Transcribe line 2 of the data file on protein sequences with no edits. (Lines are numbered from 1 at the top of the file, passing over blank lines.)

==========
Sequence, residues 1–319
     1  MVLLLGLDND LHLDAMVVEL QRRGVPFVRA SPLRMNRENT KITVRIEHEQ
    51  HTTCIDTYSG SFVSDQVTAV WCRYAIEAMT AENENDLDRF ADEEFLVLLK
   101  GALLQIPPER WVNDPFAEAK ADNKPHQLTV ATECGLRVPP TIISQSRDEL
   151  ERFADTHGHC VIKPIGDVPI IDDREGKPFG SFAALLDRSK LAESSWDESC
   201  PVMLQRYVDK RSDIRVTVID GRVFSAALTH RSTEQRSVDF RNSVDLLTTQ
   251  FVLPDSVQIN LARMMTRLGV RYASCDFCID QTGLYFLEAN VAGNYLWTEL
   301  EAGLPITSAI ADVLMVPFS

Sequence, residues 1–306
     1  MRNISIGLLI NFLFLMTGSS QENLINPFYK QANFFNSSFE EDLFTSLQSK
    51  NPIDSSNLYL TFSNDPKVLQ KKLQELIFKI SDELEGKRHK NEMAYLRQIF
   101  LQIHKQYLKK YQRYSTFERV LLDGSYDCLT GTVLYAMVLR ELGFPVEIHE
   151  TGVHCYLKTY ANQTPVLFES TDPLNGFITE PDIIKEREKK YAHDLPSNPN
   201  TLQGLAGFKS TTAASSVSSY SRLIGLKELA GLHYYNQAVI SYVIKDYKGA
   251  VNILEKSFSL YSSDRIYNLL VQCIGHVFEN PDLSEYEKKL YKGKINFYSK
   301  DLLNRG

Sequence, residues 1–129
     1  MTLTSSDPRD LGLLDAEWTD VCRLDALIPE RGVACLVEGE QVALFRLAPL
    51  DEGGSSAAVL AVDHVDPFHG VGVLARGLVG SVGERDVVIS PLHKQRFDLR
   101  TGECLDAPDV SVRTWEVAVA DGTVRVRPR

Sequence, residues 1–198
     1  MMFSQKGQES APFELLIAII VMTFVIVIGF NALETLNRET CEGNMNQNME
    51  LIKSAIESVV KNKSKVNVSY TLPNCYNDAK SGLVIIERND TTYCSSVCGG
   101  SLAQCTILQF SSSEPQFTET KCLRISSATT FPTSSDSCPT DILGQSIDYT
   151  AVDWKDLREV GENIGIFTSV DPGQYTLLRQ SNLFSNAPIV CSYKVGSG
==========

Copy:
     1  MVLLLGLDND LHLDAMVVEL QRRGVPFVRA SPLRMNRENT KITVRIEHEQ